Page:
Assessment and other issues

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The determination of serum vitamin B12 concentrations has been the method of choice to assess status for many years. Acceptable concentrations are 147pmol/L (200 mg/L) and a risk of deficiency is indicated by concentrations <74pmol/L (100 mg/L). Most circulating vitamin B12 is carried on TC I, which is biologically inactive, but representative of the status of the individual. Conventially TC I was measured by a microbiological assay which has been the 'gold standard'. Recently a radiometric assay based on competitive binding between endogenous vitamin B12 and an exogenous radioactive form of vitamin B12 for a binder has been used. It has been suggested that measuring holo TC II might be a better way of assessing cobalamin deficiency. However, a recently introduced indirect measurement of intra-cellular cobalamin deficiency may be a more functional measure of B12 status (Green, 1995). It is the measurement of the substrates of two cobalamin-dependent enzymes, methylmalonic acid (MMA) and homocysteine.

3.40.1 Plasma and urinary methylmalonic acid

Normal variations in dietary intake of MMA do not affect plasma levels. MMA is excreted in the urine and is closely correlated with plasma concentrations. Plasma MMA levels rise in renal failure and in cobalamin deficiency but not in folate deficiency. Plasma concentrations rise from normal values of 0.10.4 mmol/L to 50-100 mmol/L in vitamin B12 deficiency. MMA in urine or plasma is a sensitive measure of absolute and/or functional vitamin B12 deficiency, and is especially useful in the diagnosis of sub-clinical vitamin B12 deficiency in the elderly.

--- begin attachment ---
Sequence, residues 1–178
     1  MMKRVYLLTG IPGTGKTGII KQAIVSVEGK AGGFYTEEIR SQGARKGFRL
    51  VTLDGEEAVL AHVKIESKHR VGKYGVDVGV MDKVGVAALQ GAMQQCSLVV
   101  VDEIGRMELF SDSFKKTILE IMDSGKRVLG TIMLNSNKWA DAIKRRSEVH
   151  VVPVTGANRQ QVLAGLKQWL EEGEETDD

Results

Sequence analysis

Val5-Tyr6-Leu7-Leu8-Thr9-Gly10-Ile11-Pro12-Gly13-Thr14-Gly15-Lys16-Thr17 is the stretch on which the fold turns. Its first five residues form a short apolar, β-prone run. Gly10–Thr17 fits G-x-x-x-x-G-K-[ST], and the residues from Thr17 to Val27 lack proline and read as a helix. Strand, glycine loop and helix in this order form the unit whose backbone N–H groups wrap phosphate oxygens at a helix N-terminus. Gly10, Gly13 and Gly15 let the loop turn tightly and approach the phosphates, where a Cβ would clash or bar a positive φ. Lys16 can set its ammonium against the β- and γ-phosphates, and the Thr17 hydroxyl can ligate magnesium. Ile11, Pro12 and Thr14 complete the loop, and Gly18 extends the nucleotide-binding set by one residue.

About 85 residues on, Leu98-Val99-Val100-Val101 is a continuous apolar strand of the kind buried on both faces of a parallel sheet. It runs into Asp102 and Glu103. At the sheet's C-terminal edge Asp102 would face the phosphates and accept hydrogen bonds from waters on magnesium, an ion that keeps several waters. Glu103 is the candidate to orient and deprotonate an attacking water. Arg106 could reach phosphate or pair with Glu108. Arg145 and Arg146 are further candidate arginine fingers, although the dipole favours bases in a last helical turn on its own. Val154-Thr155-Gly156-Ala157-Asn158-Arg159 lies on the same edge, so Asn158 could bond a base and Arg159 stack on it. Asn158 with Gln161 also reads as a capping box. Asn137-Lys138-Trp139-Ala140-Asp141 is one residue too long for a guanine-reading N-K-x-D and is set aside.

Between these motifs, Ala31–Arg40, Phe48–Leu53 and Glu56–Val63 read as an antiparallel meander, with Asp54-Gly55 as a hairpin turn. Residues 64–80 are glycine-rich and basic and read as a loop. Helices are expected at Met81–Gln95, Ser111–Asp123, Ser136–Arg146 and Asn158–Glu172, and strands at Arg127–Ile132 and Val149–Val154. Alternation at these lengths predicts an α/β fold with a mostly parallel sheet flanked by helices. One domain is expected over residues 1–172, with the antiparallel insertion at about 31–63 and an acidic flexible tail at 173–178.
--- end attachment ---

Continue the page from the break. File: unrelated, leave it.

3.40.2 Homocysteine

Plasma homocysteine comes predominantly from dietary methionine, although concentrations are sensitive to dietary vitamin B12, folate and pyridoxine, the vitamin co-factors associated with its metabolism (Fig. 3.3). Normal homo-cysteine concentrations are higher in men than in premenopausal women, but increase with age especially after age 60.

Plasma homocysteine concentrations rise in deficiency states of folate, vitamin B12 and pyridoxine, in persons with inborn errors of the enzymes of homocys-teine metabolism and in those with defects associated with the synthesis of vitamin B12 coenzymes required for normal function of methionine synthetase. However, plasma MMA concentrations seem to be more specific and sensitive indicators of vitamin B12 status than homocysteine concentrations and are significantly better than plasma vitamin B12. It is not unknown for normal individuals with normal plasma vitamin B12 concentrations to have had elevated levels of MMA that fell after a single injection of vitamin B12. In vitamin B12 deficiency, elevated levels of both MMA and homocysteine seem to occur before a fall in plasma vitamin B12 (Green, 1995).

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